Brian Monteith: Don’t dismiss Ukip Scottish impact

Nigel Farage’s party is just as relevant in Scotland as it is south of the Border, writes Brian Monteith

IN THE aftermath of the Eastleigh by-election it has very quickly become commonplace for our ruling liberal elite to dismiss the performance of Ukip as a temporary, protest vote. Similarly in Scotland the MacChattering classes, who by definition are social democrats and therefore include many nationalists, are apt to say Scotland is different and therefore Ukip is an irrelevance.

Both assumptions are wrong and if they are not corrected are most likely to come back to bite such bletherers on the behind.

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The Eastleigh by-election will, I suggest, come to be seen as a key moment in the life of the coalition government. It is a warning to both parties, but most especially the Conservatives, for it shows that David Cameron’s gamble of offering a referendum on EU membership has not dampened the electorate’s growing enthusiasm for Nigel Farage’s party.

It now means that the Conservatives have one chance, and only one chance, to correct their trajectory of hurtling towards defeat in 2015, and it is with George Osborne’s budget on 20 March.

It has come down to this one day because for too long David Cameron ignored Ukip and the issue of the EU. He did not recognise how the EU influences so much of what troubles the electorate – while Ukip has been able to broaden its appeal beyond EU membership to such issues as our becalmed economic growth, managed immigration, welfare tourism and climbing energy prices (to name just a few) – and trace back the origins of these difficulties to Brussels diktat and regulation.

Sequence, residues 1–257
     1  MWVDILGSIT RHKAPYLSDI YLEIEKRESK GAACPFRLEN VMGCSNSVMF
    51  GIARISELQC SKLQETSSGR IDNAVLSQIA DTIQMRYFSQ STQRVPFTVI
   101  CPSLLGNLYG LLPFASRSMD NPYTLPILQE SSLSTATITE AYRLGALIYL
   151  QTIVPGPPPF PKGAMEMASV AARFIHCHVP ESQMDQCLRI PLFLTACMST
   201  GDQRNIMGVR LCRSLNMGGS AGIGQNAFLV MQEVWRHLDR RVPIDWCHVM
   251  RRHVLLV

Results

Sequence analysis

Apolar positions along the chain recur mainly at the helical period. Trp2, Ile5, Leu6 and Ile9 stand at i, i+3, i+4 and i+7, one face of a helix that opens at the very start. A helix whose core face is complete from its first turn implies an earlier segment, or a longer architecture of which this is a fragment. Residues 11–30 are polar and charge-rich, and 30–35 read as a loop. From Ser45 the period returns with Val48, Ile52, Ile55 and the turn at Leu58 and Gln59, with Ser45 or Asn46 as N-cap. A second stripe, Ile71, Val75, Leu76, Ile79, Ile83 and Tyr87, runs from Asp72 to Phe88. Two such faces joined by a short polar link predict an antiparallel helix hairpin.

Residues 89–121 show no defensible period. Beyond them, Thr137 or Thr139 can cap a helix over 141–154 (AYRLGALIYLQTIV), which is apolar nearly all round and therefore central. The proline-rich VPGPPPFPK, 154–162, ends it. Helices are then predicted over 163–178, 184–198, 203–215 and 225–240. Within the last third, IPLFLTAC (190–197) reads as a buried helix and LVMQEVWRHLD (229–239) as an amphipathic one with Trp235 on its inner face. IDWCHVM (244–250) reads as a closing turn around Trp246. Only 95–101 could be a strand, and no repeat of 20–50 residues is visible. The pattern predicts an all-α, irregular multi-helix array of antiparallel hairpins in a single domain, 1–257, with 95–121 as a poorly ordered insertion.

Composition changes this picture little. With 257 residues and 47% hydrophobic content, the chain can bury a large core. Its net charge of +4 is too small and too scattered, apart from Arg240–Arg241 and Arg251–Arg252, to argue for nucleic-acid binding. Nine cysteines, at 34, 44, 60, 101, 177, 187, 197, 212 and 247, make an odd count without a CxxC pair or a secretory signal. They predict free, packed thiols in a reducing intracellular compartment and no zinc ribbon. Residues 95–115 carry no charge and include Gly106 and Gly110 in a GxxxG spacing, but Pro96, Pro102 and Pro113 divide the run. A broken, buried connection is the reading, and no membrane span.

As David Cameron cannot easily deliver a referendum now, for so long as the Liberal Democrats and Labour will not countenance it he has no parliamentary majority to do so, and as he has not yet renegotiated anything anyway Ukip will hang around the Conservative Party like a very unwelcome smell for a long time yet.

Ukip has the ability to wreak havoc for the Conservatives by splitting the right-of-centre vote and thus practically guarantee a Labour victory much as in the way the SDP helped Margaret Thatcher give Michael Foot a humiliating mauling in 1983 by splitting the Labour vote.

That said, it is not just winning votes off the Tories, but is taking support away from all parties. In as much as it clearly is a right-of-centre party, sometimes claiming to be libertarian, it is actually expanding the right-of-centre voting pool and that could become a problem for Labour and other social democratic parties if Ukip actually achieves parliamentary representation in Westminster or Holyrood.

In Scotland political matters are different, simply by dint of the fact that the nationalist question pervades everything and we also have our own political theatre and accompanying institutions, our own media and other separate influences such the Kirk, our law and education. These differences do not, however, make Ukip an irrelevance.